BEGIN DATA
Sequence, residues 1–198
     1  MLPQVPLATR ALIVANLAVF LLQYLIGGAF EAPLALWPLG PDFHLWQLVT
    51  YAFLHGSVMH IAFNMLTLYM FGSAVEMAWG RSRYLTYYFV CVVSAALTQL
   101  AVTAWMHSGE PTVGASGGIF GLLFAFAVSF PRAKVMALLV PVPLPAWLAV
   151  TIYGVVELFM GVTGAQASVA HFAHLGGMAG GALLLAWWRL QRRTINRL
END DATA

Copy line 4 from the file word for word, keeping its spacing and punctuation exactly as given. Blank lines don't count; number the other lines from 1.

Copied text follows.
   101  AVTAWMHSGE PTVGASGGIF GLLFAFAVSF PRAKVMALLV PVPLPAWLAV